By Corey Clements
Protecting the Country’s Data
Ask what data can do for you but also ask what is required to protect your organization’s data. Data is only valuable when it provides insight for better actions. Stats and facts collecting database dust yields no benefits. But in order to analyze and share data, it must also be adequately protected to ensure security, compliance, and privacy.
And that is exactly the reasoning for Executive Order 13556, which established the Controlled Unclassified Information (CUI) Program. In November 2010, this EO standardized the way the executive branch handles unclassified information that requires protection, such as personally identifiable information.
What is Controlled Unclassified Information (CUI)?
Executive Order 13556 also required that the CUI Program emphasize openness, transparency, and uniformity of government wide practices. As stated in the EO, “This inefficient, confusing patchwork has resulted in inconsistent marking and safeguarding of documents, led to unclear or unnecessarily restrictive dissemination policies, and created impediments to authorized information sharing.”
As such, the order creates one consistent policy applied to a defined and organized body of information. There are 22 different categories of CUI, and 85 subcategories. Executive departments and agencies employ agency-specific procedures to safeguard CUI, such as information that involves privacy, security, proprietary business interests, and law enforcement investigations.
NIST 800-171: Protecting CUI for Enterprises Serving the Government
The National Archives and Records Administration (NARA) worked with The National Institute of Standards and Technology (NIST), the government’s source for computer security standards and guidelines, to draft guidelines for protecting CUI on information systems outside the immediate control of the federal government. The new document, Protecting Controlled Unclassified Information in Nonfederal Information Systems and Organizations (NIST Special Publication 800-171), is the final version of those guidelines.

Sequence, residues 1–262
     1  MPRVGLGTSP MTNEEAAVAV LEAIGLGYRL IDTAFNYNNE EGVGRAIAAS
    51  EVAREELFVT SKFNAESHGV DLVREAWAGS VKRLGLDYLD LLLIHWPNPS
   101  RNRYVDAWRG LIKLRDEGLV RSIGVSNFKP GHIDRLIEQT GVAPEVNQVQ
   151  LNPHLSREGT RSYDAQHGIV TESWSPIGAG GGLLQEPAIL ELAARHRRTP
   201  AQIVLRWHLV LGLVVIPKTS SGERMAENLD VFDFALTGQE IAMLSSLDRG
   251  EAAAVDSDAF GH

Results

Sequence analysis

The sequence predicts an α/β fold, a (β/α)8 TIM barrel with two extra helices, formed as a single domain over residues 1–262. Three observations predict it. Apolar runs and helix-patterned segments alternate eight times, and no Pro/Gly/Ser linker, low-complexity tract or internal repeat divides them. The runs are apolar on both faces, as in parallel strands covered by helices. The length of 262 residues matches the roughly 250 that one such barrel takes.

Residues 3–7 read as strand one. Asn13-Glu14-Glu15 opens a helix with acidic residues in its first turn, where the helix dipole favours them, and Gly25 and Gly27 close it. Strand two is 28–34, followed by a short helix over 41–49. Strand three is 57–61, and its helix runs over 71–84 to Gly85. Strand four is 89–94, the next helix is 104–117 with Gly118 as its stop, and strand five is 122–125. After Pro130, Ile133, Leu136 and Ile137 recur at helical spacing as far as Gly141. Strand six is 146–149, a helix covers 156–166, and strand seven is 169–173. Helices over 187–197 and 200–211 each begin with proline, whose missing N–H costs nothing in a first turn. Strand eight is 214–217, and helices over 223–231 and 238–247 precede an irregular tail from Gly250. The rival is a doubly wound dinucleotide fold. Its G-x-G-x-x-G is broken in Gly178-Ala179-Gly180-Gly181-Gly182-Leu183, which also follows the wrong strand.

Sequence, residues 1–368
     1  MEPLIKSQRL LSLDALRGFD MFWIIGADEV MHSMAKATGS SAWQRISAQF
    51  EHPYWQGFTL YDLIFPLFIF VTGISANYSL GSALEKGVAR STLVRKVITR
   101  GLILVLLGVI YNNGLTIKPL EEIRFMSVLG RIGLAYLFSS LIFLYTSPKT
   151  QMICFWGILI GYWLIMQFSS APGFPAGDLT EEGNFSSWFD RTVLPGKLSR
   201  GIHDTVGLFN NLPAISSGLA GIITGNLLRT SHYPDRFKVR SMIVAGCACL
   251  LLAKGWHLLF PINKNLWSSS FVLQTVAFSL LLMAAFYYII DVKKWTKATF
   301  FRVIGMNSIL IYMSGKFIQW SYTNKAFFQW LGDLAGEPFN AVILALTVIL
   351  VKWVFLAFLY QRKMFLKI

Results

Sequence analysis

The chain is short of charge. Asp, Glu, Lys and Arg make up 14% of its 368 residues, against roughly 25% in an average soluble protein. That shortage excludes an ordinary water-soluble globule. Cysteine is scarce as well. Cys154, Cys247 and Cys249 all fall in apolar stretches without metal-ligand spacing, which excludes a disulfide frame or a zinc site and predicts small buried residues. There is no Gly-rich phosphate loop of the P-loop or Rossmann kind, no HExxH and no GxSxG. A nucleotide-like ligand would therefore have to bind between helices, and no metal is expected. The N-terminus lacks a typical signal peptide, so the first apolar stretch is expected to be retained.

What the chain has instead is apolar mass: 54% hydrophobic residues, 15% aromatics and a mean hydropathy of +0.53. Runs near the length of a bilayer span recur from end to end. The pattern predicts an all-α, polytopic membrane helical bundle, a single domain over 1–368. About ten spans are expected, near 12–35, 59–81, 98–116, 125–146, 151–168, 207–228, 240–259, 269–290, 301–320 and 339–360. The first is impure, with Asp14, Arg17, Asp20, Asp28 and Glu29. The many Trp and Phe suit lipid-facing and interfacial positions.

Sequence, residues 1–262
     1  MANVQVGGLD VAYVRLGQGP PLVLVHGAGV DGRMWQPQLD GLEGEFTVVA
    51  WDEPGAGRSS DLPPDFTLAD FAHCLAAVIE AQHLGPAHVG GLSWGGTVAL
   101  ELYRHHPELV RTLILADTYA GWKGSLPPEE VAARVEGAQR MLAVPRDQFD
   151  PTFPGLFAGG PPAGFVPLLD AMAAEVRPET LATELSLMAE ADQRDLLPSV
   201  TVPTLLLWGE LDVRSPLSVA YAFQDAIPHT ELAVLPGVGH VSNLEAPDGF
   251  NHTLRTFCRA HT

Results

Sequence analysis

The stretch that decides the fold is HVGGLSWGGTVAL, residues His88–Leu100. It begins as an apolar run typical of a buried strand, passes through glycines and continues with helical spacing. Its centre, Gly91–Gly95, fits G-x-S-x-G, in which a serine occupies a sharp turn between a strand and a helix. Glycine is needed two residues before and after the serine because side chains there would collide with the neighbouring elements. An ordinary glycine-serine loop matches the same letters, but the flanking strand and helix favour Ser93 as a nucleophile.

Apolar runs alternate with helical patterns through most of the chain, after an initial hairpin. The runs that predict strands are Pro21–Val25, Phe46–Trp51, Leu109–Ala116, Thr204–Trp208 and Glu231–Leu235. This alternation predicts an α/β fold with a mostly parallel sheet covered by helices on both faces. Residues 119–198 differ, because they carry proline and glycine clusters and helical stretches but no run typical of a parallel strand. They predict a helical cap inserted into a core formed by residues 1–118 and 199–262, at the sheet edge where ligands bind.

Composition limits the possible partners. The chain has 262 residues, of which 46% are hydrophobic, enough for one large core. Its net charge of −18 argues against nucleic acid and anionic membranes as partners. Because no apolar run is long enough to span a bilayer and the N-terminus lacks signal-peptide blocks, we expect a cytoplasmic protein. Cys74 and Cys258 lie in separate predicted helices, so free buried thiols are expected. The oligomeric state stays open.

Non-federal organizations that provide services to U.S. Government Agencies such as government contractors; manufacturers; state, local, and tribal governments; and colleges and universities must now provide documentation and evidence as to how they are protecting CUI. The requirements recommended for use are derived from FIPS Publication 200 and the moderate security control baseline in NIST Special Publication (SP) 800-53. NIST SP 800-171 is an SP 800-53 subset of tailored controls designed to protect CUI confidentiality, when the confidentiality impact value of the CUI is no lower than moderate.
Achieving NIST 800-171 Compliance
Security assessments are required to demonstrate compliance with NIST SP 800-171, prior to information system deployment. The government has specified the approach and framework, which non-federal entities must demonstrate compliance with. Appendix D of NIST 800-171 contains a direct mapping of the NIST 800-171 CUI security requirements to the security controls in NIST Special Publication 800-53 and ISO/IEC 27001. In some cases, contractors can achieve NIST 800-171 compliance by leveraging some of the security systems they already have in place.
Organizations are able to assess themselves, if desired. All assessments require comprehensive documentation to demonstrate that required controls are implemented correctly, operating as intended and producing the desired outcome.
Since 2001, SecureIT has helped dozens of firms achieve NIST-based compliance requirements in a practical, efficient manner. Our designation as a FedRAMP 3PAO stems from SecureIT’s proven expertise in NIST security, controls and assessment procedures. SecureIT can provide assessment and advisory services to help you comply with NIST SP 800-171. Contact us today to discuss your needs.